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British Food Journal Volume 49 Issue 2 1947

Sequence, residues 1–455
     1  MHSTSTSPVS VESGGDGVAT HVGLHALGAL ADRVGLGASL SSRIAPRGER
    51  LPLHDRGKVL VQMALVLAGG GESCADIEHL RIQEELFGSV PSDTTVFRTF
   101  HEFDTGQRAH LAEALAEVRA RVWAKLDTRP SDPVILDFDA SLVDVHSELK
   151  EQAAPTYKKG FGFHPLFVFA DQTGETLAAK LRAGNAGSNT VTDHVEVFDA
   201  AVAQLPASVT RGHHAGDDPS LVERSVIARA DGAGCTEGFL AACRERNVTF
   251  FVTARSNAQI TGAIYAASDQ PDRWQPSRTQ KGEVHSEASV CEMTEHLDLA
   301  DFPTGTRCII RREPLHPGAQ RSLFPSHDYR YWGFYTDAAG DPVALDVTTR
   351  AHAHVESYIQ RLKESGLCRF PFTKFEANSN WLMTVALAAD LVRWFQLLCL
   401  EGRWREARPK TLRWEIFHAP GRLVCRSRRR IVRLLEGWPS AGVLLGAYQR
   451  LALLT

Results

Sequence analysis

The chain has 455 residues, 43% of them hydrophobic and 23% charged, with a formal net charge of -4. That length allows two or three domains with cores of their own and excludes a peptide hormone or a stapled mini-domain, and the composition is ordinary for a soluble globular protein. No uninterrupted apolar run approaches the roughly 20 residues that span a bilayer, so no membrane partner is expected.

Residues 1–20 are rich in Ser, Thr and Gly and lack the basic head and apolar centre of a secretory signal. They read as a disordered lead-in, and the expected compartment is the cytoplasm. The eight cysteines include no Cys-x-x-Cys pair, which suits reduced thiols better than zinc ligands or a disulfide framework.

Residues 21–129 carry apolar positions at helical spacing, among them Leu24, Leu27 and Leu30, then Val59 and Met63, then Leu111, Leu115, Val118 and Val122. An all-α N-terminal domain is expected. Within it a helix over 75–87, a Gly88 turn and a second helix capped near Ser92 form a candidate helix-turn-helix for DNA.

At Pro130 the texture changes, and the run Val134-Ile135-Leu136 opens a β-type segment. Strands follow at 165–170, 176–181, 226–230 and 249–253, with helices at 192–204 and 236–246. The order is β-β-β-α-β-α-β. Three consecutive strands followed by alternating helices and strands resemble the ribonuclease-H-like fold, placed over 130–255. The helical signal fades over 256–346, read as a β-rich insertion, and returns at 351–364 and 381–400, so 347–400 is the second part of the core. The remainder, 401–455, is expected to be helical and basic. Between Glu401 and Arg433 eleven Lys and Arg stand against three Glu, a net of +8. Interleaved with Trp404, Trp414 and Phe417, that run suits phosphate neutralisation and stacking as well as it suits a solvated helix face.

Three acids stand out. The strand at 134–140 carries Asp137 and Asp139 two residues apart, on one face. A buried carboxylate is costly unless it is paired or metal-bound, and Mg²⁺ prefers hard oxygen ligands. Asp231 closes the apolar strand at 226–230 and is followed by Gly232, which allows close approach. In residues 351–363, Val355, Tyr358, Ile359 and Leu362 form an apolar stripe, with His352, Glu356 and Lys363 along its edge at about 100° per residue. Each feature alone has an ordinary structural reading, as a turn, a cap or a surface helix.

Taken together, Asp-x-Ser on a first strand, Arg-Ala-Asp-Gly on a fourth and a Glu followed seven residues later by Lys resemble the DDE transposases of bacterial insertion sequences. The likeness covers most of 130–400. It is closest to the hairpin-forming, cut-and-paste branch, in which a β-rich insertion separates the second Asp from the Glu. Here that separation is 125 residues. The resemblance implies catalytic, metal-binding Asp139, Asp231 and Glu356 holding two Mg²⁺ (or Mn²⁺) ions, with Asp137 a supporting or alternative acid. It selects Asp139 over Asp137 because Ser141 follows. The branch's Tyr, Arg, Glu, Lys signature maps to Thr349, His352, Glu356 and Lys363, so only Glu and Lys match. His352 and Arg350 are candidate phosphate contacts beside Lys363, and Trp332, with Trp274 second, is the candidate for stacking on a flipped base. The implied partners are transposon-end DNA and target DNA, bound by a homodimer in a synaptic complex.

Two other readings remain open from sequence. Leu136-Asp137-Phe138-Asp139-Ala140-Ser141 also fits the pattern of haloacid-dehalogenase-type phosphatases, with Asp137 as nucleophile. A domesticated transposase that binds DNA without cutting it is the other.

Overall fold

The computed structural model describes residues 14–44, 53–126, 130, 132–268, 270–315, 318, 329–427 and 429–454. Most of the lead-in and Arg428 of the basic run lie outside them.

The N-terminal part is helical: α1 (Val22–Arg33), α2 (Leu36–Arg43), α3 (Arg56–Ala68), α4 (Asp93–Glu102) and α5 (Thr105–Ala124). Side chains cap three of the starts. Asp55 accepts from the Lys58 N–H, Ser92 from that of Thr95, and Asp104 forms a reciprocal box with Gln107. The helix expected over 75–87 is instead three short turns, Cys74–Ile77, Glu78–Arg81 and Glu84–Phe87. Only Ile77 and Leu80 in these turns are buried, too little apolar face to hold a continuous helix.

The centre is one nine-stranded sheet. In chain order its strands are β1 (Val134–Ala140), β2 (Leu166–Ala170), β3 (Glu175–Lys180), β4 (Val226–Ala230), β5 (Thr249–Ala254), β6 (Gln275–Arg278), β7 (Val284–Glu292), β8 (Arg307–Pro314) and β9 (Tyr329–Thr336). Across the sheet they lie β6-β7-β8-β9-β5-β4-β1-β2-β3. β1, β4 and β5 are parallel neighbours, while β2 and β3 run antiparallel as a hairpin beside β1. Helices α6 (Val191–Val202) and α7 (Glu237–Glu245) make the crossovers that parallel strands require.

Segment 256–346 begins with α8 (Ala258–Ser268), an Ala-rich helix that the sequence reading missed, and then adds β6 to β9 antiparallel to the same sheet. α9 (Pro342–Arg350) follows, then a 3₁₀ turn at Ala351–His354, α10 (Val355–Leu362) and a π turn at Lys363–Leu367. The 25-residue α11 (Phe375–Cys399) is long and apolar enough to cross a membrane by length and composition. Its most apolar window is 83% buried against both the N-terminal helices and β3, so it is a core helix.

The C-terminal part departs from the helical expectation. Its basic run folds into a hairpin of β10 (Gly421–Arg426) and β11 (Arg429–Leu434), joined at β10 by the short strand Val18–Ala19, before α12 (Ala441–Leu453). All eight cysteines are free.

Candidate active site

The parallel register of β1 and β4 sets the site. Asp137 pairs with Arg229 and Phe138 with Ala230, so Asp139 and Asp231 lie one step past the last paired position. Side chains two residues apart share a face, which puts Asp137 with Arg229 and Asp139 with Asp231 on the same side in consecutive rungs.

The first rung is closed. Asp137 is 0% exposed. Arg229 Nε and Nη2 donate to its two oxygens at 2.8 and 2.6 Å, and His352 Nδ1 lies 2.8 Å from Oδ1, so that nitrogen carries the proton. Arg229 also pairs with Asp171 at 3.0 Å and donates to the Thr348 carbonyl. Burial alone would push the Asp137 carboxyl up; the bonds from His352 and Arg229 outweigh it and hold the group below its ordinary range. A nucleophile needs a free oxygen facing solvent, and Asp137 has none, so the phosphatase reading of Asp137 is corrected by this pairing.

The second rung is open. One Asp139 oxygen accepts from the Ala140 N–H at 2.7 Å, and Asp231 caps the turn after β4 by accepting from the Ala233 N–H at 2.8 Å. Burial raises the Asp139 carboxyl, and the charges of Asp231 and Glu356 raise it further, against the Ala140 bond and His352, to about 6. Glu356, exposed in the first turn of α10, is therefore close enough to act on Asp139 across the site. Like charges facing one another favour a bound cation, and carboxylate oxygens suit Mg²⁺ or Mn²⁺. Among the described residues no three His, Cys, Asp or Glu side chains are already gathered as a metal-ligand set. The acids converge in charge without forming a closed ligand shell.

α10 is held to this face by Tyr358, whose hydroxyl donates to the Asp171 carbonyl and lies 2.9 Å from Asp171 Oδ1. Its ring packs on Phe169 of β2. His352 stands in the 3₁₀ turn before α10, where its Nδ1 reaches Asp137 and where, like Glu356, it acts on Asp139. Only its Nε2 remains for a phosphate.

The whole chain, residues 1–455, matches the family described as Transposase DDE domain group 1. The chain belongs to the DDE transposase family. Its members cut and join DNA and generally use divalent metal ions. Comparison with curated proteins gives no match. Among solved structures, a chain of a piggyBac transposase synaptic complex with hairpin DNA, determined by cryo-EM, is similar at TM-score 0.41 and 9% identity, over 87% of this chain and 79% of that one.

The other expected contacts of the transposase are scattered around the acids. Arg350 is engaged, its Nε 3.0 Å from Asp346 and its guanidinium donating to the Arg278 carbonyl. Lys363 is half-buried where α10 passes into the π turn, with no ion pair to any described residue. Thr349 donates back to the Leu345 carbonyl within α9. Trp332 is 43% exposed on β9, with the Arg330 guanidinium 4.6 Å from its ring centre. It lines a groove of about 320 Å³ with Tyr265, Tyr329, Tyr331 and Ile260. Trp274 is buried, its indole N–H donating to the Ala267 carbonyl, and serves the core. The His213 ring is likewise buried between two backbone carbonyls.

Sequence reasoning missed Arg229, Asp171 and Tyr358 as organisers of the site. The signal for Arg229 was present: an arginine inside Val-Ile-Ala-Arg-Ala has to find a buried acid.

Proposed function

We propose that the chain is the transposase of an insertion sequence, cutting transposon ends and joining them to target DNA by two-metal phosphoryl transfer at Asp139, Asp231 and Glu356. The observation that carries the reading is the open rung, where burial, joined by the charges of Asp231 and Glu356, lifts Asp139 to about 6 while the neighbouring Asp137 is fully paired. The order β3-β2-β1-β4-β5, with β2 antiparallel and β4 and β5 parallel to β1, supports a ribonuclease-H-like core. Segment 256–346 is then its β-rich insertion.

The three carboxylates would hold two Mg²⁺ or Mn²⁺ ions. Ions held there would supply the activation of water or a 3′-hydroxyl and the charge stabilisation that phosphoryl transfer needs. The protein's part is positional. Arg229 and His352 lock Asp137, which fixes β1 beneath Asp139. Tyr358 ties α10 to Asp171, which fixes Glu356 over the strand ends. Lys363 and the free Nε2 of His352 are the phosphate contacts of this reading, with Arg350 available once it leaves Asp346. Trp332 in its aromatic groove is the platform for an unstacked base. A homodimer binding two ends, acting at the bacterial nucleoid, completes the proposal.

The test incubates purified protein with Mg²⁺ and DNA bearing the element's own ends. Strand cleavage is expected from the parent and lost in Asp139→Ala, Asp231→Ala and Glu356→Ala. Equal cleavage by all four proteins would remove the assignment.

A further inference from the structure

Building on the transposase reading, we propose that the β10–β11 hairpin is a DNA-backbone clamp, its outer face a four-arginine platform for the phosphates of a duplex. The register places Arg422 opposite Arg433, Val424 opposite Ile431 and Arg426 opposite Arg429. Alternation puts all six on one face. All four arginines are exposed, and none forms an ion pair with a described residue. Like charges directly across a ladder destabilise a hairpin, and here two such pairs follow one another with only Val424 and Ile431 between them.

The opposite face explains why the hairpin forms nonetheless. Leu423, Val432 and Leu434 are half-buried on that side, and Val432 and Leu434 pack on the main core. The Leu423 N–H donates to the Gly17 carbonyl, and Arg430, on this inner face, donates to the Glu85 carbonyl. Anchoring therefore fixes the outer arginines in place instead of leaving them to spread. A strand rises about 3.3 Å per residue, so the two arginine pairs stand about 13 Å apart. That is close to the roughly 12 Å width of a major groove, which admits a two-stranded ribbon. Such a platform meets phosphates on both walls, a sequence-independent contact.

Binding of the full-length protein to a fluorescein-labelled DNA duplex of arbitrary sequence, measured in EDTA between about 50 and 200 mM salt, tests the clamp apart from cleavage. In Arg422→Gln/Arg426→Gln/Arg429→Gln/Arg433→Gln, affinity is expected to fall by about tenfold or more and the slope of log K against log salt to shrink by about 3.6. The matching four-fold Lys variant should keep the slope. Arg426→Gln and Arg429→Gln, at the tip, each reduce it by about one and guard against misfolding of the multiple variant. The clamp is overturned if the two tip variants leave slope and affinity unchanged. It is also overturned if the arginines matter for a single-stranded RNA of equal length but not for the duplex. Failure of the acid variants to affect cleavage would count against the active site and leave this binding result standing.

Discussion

British Food Journal Volume 49 Issue 2 1947 During the year 5,399 samples were taken under the Food and Drugs Act. Of these, 398 74 per cent. were against, as adulterated, below standard, or incorrectly labelled. The remainder, 1,173 samples, included water, 602, pasteurized milk 400eight of these indicated a slight, technical error in preparation, and three gross error. Soot gauges 24. The total number of milk samples examined during the year was 2,844excluding those just mentioned. Of these, 99 per cent. were found to be adulterated. This percentage of adulteration or for noncompliance with the legal limit of 85 per cent. nonfatty solids and 3 per cent. is the highest for six years. It is remarked that the freezing point test shows that the milks were naturally low in solids not fat. This would seem to be due to the cumulative effect during the last few years of feedingstuffs shortage, though the average annual composition of samples taken has varied but little during the war years and compares favourably with prewar milks. The Public Analyst points out that 99 per cent. does not mean that 99 per cent. of the Birmingham milk is adulterated, as more than one sample was taken from vendors whose milk was under suspicion. Tables given show that the average composition for all milks and farmers' milk were identical. The prosecutions call for no very extended comment. The milk coolerthat great source of surpriseswas in each case found to be in working order. The cows were in good heart. In one case the cowman was fined 3 for adding water. The farmer, for not exercising due diligence under Section 83 of the Food and Drugs Act, was fined 20 on each of six summonses issued against him, 120 in all, with 1 costs. The farmer seems to have been, and probably still is, a hopeless case. He had been fined 30 and costs in 1940, and 580 with 46 costs in 1942. About 750 in all We suppose he still carries on, but what about the consumers Baking powder and selfraising flour were reported against for carbon dioxide deficiency. This was apparently due to the use of old stock. The vendors were cautioned. Old stockat least we suppose age to be the explanationis also distinguished in other ways cheese, infested with mites, unfit for consumption cocoa, mouldy, and paper wrapper contained book lice coffee, contained a mass of cobwebs lentils, grubs and mite eggs and so on. The immediate origin of another dealer's wrapping paper would seem to have been the coal scuttle since paper, lard and butter were speckled with coal particles. The Veterinary Inspector was requested to visit all the places of sale which would seem to be halfway houses to the hospital for the consumer. An interesting point is raised in the matter of a sample labelled lemon flavour. This delicacy consisted of a 6 per cent. solution of citric acid, containing in suspension a small amount of starchy matter to make it look like lemon juice. It was flavoured with oil of lemon and contained 118 parts per million of sulphur dioxide. As the Preservatives Regulations forbid the introduction of sulphur dioxide into an article of this kind the firm was written, and replied that they considered the article to be an unsweetened cordial, and that therefore sulphur dioxide was allowed up to 600 parts per million italics ours. The relevant Section referred to states Nonalcoholic wines, cordials and fruit juices, sweetened and unsweetened, 350 not 600 parts per million sulphur dioxide or 600 parts per million benzoic acid. The Public Analyst points out that in the final report of the Departmental Committee on the use of preservatives in foods 1924 a comma appears after the word cordials in the above italics ours making it clear that the words sweetened or unsweetened refer only to fruit juices, and that no such article as an unsweetened cordial is recognised. Such a description is a contradiction in terms, for the essential ingredient of a nonalcoholic cordial is sugar. The Ministry of Food was written and their attention called to the apparent omission of the comma in the published text of the Preservatives Regulations, and drawing attention to the fact that whether the omission were unintentional or deliberate the result was to permit the use of preservative in an instance where the committee of experts appointed do not choose to make such a recommendation. The Ministry in their reply did not reply to this question, but said the firm had no licence to manufacture the flavouring but asked for particulars of sale. The soot gauges show on the whole a steady decline in atmospheric smoke pollution. The average amount of insoluble matter expressed in tons per square mile per month. The Central Station figures are 135 in 1945. It was 376 in 1936. The West Heath Station 49 in 1945. It was 109 in 1938. Satisfactory as far as the reduction in atmospheric pollution goes. May it continue. http://www.deepdyve.com/assets/images/DeepDyve-Logo-lg.png British Food Journal Emerald Publishing